The EUV lithography for projecting circuit patterns that uses the 13.5-nm extreme ultraviolet light and reflection-type optics was proposed and first studied by Kinoshita (currently with University of Hyogo) and others from NTT in Japan.1) Almost simultaneously, in the US EUV lithography was beginning to be studied at the Bell Laboratories and continued to be researched at the National Institute in the ’90s.
In 1997, the EUV Limited Liability Company (EUVLLC) was established to start extensive research on the EUV lithography.2) Inspired by the establishment of the EUVLLC, the Extreme UV Concept Lithography Development System (EUCLIDES) and the ASET EUV Laboratory were started in Europe and Japan, respectively. As the result, extensive research was started in the US, Europe and Japan. 3), 4)
Later on, SEMATECH took over the research and has conducted intensive research activities at Albany Nanotech Institute and Lawrence Berkeley National Laboratory (LBNL).5) In Europe, research programs including MEDEA+ and More Moore had aggressively worked on EUV lithography research, and the EUV Entry Point Technology (ECEPT) project has currently taken over the leadership in this research.
Carl Zeiss and ASML have been leading and aggressively working on development of EUV lithography tools. For research and development, they installed experimental EUV lithography tools at IMEC to proceed with development of EUV application technologies. In Japan, followed by the ASET EUV Laboratory, EUV lithography has been extensively studied at Semiconductor Leading-Edge Technologies, Inc. (Selete). At Selete, Nikon and Canon developed lithography tools EUV-1 and SFET, respectively. Mask and photoresist technologies also were developed and evaluated there.6)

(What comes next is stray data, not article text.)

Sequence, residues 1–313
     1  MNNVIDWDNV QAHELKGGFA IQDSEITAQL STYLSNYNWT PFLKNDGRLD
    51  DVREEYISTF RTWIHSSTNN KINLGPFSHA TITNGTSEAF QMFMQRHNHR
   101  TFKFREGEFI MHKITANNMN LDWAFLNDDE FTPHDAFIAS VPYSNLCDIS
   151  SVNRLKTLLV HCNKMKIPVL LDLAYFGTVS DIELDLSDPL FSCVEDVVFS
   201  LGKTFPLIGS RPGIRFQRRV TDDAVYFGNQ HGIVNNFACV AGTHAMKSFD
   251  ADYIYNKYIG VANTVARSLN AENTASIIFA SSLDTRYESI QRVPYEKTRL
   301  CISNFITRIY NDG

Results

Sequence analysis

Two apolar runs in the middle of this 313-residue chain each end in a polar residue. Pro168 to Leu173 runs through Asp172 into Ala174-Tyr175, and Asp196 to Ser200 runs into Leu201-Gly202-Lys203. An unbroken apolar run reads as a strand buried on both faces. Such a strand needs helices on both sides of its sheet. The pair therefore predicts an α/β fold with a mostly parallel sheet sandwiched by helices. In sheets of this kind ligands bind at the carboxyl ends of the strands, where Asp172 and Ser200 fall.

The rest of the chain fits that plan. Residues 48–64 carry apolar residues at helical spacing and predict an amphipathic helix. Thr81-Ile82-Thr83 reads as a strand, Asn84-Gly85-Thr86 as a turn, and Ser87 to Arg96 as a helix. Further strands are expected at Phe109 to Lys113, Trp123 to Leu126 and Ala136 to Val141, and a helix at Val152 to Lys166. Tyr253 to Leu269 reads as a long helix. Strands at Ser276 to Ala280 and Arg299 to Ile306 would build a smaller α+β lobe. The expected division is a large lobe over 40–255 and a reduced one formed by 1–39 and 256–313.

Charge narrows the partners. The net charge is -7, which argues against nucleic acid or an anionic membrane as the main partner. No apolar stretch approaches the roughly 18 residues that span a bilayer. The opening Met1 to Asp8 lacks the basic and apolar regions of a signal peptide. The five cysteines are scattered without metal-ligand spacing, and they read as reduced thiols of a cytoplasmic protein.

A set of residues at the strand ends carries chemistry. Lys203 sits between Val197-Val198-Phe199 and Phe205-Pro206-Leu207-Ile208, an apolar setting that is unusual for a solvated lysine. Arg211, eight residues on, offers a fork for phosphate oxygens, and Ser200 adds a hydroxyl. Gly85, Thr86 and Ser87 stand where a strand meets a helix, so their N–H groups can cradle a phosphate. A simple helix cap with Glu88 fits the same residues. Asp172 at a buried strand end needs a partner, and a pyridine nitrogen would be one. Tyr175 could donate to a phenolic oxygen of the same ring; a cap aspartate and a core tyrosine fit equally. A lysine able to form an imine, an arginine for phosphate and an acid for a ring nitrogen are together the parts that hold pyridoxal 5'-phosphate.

But, ASET and Selete concentrated on development of the mask and resist technologies. For this reason, the Extreme Ultraviolet Lithography System Development Association (EUVA) was established in 2001 to start extensive research on the EUV light source and lithography tools. At the EUVA, five equipment companies (Ushio, Canon, Nikon, Komatsu, and Gigaphoton) and 4 semiconductor device manufacturers (Toshiba, NEC, Fujitsu, and Renesas Technology) participated in this project as members.
In addition, a project led by Osaka University and sponsored by the Japan Ministry of Education, Culture, Sports, Science and Technology (MEXT) was started in 2011 to conduct theoretical and fundamental research on the EUV light source plasma, in conjunction with the EUVA. The research activities at the EUVA were completed in March 2011. However, the EUV mask and photoresist technologies continued to be studied at the EUVL Infrastructure Development Center (EIDEC) from May 2011. (EIDEC was dissolved on March 31, 2019.)
- 1) Kinoshita et al.: Japanese Journal of Applied Physics, Volume 47, No. 2, p. 232 (1986)
- 2) C. Gwyn et al.; J. Vac. Sci. Technol., B16, p. 3142 (1998)
- 3) J. P. H. Benschop et al.: J. Vac. Sci. Technol., B17, p. 2978 (1999)
- 4) S. Okazaki:Proc. SPIE, 3676, p. 238 (1999)
- 5) S. Wurm et al.; Proc. SPIE, 6517, p. 651705 (2007)
- 6) I. Mori et al：Proc. SPIE, 6921, p. 692102 (2008)